When you drive an ambulance, people tend to get out of your way. For today’s Nice Price or Crack Pipe 1974 Dodge Superior, they’ll have to clear an especially wide path, but that’s only if its price is equally phat.
The thing about Datsun’s 510 is that they tend to give you guys a bigger tingle in the privates than does a week of Chilean prison interrogation. Yesterday’s 1971 510 wagon was no exception, and it took home a narrow 57% Nice Price win despite having not yet even been to finishing school.
I’ll bet for many of you the only car-based ambulance with which you are familiar is the one converted into ECTO-1 in the movie Ghostbusters. More likely you’re accustomed to van-based emergency transports as they have supplanted the old Caddy-wagons almost entirely.
Today, most medi response vehicles fit into three major classes- the Types I through III. Type I is a box dropped onto a heavy duty pickup truck chassis, while the Type III features a similar box that’s been grafted onto a full size van cab. The Type II is a normal van with an extended roof, and which offers the least amount of places to get out of the way when the EMT yells “CLEAR!”
One of the weirdest of the Vanbulances is the Superior 61 Widebody, of which we have a 1974 Dodge edition today, and which fails to fall cleanly into any of the above categories. Cut down the middle like an unfortunate extra in Hatchet III, the vans were then unceremoniously pulled a full 16” apart and the filled the gap like an eclair.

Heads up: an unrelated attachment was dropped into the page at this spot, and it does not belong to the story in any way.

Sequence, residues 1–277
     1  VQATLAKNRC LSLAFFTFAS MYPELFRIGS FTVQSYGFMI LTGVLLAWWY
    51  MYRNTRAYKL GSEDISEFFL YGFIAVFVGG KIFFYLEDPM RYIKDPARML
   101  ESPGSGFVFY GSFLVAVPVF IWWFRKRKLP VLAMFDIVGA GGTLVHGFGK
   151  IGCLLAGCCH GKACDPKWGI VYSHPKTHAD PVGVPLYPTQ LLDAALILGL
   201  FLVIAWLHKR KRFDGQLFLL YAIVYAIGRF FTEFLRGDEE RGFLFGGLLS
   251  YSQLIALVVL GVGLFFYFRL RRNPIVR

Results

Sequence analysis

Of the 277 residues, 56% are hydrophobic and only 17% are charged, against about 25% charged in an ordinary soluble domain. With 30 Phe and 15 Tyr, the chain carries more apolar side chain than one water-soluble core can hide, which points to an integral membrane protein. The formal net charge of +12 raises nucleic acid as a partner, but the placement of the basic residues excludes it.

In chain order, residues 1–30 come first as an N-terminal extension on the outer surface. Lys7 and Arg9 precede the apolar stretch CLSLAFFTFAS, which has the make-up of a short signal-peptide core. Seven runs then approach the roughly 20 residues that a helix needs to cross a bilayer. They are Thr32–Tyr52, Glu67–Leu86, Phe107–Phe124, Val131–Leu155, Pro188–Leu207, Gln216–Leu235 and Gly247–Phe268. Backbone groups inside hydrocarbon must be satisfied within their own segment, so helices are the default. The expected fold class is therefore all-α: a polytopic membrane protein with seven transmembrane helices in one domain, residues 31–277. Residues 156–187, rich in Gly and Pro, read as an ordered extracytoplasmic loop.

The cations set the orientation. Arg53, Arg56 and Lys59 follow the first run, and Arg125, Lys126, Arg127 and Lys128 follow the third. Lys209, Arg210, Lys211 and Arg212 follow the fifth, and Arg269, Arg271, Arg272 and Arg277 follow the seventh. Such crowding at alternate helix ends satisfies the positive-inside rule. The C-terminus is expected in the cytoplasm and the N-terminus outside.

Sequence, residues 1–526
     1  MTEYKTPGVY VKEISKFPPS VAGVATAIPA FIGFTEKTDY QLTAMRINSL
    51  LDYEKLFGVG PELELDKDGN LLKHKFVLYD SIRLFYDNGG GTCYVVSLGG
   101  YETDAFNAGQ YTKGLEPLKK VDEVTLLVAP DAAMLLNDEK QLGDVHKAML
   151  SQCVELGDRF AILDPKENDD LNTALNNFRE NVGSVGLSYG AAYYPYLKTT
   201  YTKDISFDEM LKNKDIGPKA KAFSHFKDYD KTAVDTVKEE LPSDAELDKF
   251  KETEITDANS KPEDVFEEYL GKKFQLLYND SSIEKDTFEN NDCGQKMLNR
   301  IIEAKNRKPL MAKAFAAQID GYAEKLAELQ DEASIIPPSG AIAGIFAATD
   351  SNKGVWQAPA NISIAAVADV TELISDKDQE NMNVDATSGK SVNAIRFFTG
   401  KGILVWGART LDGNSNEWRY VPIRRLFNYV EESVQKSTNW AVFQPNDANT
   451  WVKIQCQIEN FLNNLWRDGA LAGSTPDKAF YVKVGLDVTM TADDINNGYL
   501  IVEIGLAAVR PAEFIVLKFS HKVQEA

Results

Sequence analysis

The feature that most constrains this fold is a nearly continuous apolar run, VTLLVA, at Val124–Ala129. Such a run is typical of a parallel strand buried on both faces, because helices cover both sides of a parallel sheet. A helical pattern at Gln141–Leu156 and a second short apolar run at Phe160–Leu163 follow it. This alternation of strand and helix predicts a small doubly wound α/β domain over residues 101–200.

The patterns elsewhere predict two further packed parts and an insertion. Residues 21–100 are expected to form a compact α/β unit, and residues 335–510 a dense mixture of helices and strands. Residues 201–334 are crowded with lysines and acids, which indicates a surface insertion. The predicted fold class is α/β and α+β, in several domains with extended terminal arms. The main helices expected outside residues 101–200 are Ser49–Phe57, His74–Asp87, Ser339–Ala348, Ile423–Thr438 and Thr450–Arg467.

The resulting bodywork overhangs the chassis in a somewhat freakish manner requiring spelunking gear just to check tire pressures, and making the ambulances frighteningly tippy. Interestingly, the 61 in the Superior’s name is not derived from the ambulance’s width, but its height, there being 61 inches of headroom under the extended fiberglass cap. The more you know.
On this Superior that lid has both a gumball and Mickey Mouse ear sirens, and is steel reinforced to help keep the van from folding faster than Superman on laundry day. There are additional red lamps on the front fenders, and while it would be a hoot to fire everything up and run code 3 down to Taco Bell when you need an emergency Chalupa Supreme injection, it’s still probably against the law.
The driver’s station features your typical Dodge dash and doghouse, albeit with more elbow room than normal. In the rear compartment there's still all the cabinetry, the side bench, and gurney lock, all of which seem serviceable. The exterior likewise appears reasonably mar-free, including the humongous and irreplaceable single-piece windscreen which would require an extra long squeegee to keep clean.
Mechanically, it has a 360 V8 and of course, a TorqueFlite. The seller claims the tires are new and that the whole thing runs and drives great. The question is, where would you drive such a vehicle?
Well, considering its width and corresponding interior room, you could throw a hammock into it and use it both to transport your Formula Vee car to the races, and as a comfy abode while there. Alternatively, you could start a business transporting acute claustrophobia sufferers.
Whatever your choice, the world is your oyster, and this Superior 61 Fat Boy is $5,900. Considering that you likely have no point of reference for such things, what do you think about this unique van being offered at that price? Do you think that’s such a value that it should sell stat? Or, does that price make this a scambulance?
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